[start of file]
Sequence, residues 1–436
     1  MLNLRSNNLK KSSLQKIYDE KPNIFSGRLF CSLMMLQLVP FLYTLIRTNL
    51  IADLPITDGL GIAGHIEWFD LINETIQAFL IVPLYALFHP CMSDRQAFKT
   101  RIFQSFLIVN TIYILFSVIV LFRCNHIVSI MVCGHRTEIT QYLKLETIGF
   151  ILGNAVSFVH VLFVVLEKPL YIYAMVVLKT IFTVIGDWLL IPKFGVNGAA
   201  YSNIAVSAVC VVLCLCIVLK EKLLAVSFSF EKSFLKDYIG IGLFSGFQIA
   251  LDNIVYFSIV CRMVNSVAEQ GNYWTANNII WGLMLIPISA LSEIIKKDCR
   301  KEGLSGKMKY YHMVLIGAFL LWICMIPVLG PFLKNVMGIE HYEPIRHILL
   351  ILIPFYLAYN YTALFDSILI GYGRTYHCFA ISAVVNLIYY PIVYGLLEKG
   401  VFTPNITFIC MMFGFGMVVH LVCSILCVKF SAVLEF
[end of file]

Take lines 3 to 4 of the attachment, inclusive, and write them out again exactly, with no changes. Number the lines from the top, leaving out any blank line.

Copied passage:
    51  IADLPITDGL GIAGHIEWFD LINETIQAFL IVPLYALFHP CMSDRQAFKT
   101  RIFQSFLIVN TIYILFSVIV LFRCNHIVSI MVCGHRTEIT QYLKLETIGF